Skip to content

Retired architect Trelle Morrow awarded for service

Trelle Morrow examines an exhibit at Studio 2880 of the Community Arts Council book "An Arts Compendium," celebrating 50th anniversary of the council. Morrow edited the book. Bill Phillips photo
Trelle Morrow was honoured with the Jeanne Clarke Local History Award for Service Sunday.

The Prince George Public Library Board hosted the 34th annual Jeanne Clarke Local History Awards at Bob Harkins Branch on Sunday night and Trelle Morrow, retired architect and historian, was honoured with the Jeanne Clarke Local History Award for Service.

Morrow’s architectural career spanned 40 years and he designed such notable buildings as the former Prince George Citizen building on Brunswick Street and Sacred Heart Cathedral. He is an active member of the City of Prince George’s Heritage Commission.

Morrow is also a past winner of three Jeanne Clarke Local History Awards for Publication. He won in 2016 for Living Legacies: 100 Years of Prince George Architecture, in 2012 for The Grand Trunk Pacific and Other Fort George Stuff, and in 2010 for Aviation North: Flying Frontiers in Northern British Columbia. Among his other publications are Silent Passage: Life with Reaction Ferries; The Big Smoke: Social Reflections on Wood Burners; and Cataline: Packer Extraordinaire.

Valerie Giles, herself a two-time winner of the Publication Award, introduced Morrow, and noted that the citizens of Prince George know more about the city’s history because of his work. 

The Library Board awarded three Awards for Publication this year.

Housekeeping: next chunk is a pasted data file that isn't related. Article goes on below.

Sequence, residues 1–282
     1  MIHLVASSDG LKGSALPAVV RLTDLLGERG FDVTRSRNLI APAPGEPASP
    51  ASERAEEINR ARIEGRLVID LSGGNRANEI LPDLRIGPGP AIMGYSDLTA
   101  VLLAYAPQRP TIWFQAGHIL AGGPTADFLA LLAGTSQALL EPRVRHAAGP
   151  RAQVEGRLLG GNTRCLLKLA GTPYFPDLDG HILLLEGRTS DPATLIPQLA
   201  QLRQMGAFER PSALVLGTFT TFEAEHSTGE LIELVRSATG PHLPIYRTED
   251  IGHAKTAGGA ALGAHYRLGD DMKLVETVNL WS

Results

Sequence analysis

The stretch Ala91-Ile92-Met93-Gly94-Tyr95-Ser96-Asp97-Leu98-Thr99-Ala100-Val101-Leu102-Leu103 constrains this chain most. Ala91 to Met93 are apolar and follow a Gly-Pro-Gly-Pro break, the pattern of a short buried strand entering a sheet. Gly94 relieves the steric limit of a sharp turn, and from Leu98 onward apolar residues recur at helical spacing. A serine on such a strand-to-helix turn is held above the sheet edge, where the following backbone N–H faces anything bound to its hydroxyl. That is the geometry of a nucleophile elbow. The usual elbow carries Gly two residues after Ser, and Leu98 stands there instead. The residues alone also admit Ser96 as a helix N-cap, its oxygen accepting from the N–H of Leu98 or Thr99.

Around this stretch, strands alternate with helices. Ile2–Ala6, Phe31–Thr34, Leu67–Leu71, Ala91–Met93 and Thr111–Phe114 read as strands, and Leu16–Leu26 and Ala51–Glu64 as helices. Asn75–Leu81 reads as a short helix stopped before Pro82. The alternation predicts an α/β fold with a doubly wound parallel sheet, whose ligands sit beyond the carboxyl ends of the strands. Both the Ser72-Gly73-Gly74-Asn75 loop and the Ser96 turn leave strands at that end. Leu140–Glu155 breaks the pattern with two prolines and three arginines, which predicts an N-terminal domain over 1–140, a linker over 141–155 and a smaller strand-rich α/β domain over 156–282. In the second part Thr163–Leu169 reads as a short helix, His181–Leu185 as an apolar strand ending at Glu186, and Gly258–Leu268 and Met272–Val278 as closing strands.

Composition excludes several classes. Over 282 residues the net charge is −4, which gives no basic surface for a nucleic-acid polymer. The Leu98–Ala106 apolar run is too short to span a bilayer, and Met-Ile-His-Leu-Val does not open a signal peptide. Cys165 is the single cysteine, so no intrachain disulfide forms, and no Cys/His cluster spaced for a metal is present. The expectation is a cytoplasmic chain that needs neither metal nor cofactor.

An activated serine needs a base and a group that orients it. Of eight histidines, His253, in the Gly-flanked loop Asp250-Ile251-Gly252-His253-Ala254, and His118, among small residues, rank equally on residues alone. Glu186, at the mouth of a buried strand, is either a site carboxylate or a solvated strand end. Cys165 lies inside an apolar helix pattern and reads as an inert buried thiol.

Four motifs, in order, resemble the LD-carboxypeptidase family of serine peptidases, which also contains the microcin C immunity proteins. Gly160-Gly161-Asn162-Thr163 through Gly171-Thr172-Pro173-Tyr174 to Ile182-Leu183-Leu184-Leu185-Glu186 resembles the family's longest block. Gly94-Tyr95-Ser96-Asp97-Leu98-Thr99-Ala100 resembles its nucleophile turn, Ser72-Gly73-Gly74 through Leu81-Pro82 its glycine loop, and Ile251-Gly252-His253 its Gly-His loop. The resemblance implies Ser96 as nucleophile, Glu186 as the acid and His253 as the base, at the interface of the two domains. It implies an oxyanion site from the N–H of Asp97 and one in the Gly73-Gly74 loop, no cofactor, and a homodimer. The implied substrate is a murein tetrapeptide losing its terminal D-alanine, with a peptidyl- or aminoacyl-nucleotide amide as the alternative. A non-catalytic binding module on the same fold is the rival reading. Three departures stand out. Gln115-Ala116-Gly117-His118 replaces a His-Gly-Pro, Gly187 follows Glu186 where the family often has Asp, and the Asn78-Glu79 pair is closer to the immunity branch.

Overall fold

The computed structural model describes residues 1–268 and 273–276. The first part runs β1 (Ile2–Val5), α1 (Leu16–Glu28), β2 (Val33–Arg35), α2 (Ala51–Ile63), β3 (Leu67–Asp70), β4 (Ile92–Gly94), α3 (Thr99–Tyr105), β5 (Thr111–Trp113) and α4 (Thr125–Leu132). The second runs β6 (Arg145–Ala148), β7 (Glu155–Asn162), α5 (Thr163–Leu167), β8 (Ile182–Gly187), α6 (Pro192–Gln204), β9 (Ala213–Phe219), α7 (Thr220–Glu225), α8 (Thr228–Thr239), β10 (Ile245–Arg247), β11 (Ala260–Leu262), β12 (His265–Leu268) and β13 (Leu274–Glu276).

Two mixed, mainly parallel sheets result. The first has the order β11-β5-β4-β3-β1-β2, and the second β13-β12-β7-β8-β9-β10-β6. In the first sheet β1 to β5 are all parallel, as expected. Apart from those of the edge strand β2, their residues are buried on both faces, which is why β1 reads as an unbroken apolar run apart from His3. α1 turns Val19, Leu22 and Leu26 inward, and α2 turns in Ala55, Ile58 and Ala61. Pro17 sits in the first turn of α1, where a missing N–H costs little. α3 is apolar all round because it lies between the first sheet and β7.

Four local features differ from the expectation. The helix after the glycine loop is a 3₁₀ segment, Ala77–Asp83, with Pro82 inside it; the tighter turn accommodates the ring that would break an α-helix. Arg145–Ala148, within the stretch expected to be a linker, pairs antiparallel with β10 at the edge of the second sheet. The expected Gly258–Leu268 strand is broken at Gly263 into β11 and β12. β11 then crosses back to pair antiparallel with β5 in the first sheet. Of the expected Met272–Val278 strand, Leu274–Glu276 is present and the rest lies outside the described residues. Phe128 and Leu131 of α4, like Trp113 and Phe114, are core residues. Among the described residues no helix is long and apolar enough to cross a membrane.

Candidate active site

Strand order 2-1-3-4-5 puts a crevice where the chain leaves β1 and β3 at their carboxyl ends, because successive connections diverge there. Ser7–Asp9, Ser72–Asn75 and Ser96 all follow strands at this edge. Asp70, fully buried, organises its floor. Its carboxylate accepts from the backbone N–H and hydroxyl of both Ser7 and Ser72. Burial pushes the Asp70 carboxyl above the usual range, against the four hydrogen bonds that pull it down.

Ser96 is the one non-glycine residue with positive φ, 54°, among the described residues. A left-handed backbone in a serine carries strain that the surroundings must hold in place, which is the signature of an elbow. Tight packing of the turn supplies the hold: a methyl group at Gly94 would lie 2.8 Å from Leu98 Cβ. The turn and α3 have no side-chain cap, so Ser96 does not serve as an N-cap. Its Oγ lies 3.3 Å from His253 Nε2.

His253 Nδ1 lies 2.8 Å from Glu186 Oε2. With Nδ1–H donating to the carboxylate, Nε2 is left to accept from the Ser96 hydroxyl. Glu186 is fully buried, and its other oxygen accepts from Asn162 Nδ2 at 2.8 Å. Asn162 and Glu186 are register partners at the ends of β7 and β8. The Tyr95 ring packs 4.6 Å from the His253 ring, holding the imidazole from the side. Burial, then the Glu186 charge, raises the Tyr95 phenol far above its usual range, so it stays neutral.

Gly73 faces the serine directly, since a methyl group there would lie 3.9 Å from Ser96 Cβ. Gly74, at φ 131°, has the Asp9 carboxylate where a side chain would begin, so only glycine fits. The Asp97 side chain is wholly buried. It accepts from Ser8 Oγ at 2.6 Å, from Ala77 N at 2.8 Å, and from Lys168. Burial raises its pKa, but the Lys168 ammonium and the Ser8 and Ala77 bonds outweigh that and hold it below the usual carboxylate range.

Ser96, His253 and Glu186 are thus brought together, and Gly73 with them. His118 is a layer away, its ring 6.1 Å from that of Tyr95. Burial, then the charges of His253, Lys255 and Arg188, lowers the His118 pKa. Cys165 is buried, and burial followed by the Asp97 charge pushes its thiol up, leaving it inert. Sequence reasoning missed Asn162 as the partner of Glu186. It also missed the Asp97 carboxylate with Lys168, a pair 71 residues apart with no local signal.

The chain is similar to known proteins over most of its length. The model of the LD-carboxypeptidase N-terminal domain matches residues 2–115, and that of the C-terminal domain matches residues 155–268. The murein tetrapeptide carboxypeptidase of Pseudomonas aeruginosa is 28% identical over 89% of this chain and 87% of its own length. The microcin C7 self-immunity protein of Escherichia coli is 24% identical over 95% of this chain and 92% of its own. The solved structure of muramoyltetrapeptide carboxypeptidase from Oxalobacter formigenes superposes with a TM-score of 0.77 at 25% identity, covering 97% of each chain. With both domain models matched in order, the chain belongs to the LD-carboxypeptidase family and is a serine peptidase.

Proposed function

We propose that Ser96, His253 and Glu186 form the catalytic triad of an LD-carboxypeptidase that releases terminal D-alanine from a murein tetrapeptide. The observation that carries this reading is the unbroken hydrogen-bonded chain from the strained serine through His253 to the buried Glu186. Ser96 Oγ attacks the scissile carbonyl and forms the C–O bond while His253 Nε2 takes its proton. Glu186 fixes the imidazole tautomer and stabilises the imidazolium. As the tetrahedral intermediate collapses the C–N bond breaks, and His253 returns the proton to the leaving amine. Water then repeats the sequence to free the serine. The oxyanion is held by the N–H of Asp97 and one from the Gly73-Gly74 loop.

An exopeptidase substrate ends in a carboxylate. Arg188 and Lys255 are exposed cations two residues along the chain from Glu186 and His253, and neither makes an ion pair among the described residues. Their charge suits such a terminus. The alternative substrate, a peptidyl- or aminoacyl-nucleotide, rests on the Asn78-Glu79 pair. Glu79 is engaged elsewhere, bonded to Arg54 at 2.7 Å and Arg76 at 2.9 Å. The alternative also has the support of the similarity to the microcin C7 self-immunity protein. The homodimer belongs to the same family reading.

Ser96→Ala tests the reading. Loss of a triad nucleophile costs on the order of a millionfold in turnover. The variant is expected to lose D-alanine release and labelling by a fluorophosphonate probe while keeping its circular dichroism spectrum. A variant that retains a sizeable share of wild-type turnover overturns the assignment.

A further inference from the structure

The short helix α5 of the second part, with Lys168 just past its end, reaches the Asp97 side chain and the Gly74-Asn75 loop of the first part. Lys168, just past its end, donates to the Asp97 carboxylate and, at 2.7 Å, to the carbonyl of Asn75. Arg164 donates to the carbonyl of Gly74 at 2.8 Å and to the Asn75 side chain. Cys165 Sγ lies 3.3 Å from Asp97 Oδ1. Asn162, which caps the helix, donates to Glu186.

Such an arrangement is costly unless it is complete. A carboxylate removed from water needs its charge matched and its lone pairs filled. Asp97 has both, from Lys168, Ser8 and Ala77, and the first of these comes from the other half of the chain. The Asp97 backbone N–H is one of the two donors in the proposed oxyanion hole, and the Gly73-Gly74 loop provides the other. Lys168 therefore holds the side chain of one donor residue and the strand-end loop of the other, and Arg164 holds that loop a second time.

Helen Raptis accepted a Publication Award (Regional) on behalf of herself and members of the Tsimshian Nation for What We Learned: Two Generations Reflect on Tsimshian Education and the Day Schools. The book explores the influence of day schools on the lives of a group of Tsimshian people who originally lived near Prince Rupert. Raptis travelled from Victoria to attend the event. 

Aaron Williams won a Publication Award (Regional) for Chasing Smoke: A Wildfire Memoir. The memoir details the author’s time and experience as a professional wildfire firefighter in Northern British Columbia with a specific focus on the 2014 forest fire season. Williams was unable to attend, but provided an acceptance speech via video.

The final Publication Award (Local) was granted to Gwen and John Reimer for Ness Lake Bible Camp: A Statement of Faith. The book documents the foundation and expansion of the camp and its contributions to the local history and community of Prince George.

The Jeanne Clarke Award is presented annually to individuals or groups for outstanding contributions in the preservation and promotion of local and regional history in the categories of Publication and Service. The Award was established by the Library Board in 1985, in memory of former library board chair Jeanne Clarke. Jeanne Clarke was a founding member of the Prince George Public Library’s Local History Committee, and played a key role in establishing the library’s local history collection.

 

 

 

What do you think about this story?